Tender moments in metal
Dimpy Menon's bronze sculptures are cute and decorative
A Moment depicts three dancers striking various poses
IN HER ongoing exhibition titled Moments at Time and Space Gallery, Dimpy Menon has presented a set of 19 cute and decorative bronze sculptures. As in the past, the human figure continues to be the principal focus in Dimpy's works.
The Dancer has a sinuously stretched out profile of a female performer, while A Moment depicts three dancers striking various poses and almost seem to be floating in thin air.
In the latter work, Dimpy nicely manipulates the dancers' movements, but the thick frame to which the figures are cleverly attached seems to reduce the overall impact.
In her two other works titled Woman On A Promontory and Timelessness, the human figure is delineated in divergent forms.
While the former has a woman sitting on top of an expansive, hard rock ("This seldom happens in real life, but one does visualise this ideal moment!" says Dimpy), in Timelessness, the human figure is lingering lazily on a rock with an extended hand skimming the surface of an imaginary water stream.
The Silent Friend is an ode to her favourite tree with which she claims a personal and enduring relationship. In Sketch 2, the sculpture is almost reduced to a two-dimensional line drawing with a stiff figure squatting in front of a tree. In Mother And Son, Dimpy alludes to her own nostalgia, but the result is a bit contrived.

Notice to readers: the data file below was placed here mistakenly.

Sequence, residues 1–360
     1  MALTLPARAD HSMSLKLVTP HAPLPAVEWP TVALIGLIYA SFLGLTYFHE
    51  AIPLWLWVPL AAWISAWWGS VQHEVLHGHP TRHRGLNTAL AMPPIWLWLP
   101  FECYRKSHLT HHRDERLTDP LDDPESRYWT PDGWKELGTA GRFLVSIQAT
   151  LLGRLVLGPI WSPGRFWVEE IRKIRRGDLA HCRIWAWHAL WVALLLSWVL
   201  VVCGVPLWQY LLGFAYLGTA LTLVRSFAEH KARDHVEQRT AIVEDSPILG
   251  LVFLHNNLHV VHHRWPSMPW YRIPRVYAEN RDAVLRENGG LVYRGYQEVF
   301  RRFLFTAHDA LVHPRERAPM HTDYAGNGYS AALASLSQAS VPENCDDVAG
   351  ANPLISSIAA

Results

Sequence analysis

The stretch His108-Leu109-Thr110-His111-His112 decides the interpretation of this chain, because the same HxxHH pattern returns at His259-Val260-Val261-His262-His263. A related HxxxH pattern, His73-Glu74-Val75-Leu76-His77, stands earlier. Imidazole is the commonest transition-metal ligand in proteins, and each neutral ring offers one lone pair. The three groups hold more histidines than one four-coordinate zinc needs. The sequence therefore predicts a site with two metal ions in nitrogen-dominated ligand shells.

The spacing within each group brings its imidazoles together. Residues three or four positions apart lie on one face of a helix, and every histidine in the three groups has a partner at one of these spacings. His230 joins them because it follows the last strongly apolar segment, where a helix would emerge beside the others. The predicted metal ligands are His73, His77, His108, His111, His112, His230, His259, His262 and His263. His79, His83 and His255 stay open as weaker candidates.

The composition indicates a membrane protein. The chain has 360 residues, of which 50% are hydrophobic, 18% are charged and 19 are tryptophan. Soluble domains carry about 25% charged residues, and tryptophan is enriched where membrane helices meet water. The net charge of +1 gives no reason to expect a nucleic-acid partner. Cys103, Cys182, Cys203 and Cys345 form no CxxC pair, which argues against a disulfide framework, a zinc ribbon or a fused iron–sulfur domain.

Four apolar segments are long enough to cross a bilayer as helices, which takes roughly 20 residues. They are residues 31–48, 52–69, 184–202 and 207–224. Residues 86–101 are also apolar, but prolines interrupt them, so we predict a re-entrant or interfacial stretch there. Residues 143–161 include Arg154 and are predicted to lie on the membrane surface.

Among the better works are Sketch 1 (where Dimpy tries to "work on textures as she would on paper, without losing the sculptural quality") and On A Sunday Afternoon, where the combination of metal and stone seems to work in tandem to create a relaxed mood and balanced composition.
Overall, the exhibition lays bare some key faculties of the sculptor.
While her technical capability is confirmed through some of the displayed works, it is the treatment of themes and overall aesthetic expression that seem to be falling into a routine.
The weakest pieces (like in many of the hanging sculptures) are formal in execution, extremely decorative, and bereft of emotional content. The smaller format used in works such as Urban Pastime denies the viewer a full appreciation of the theme being explored, while pieces such as Occultation Of Venus 2 are quite pedestrian in both form and content.
(The exhibition at Time and Space Gallery concludes on August 18.)
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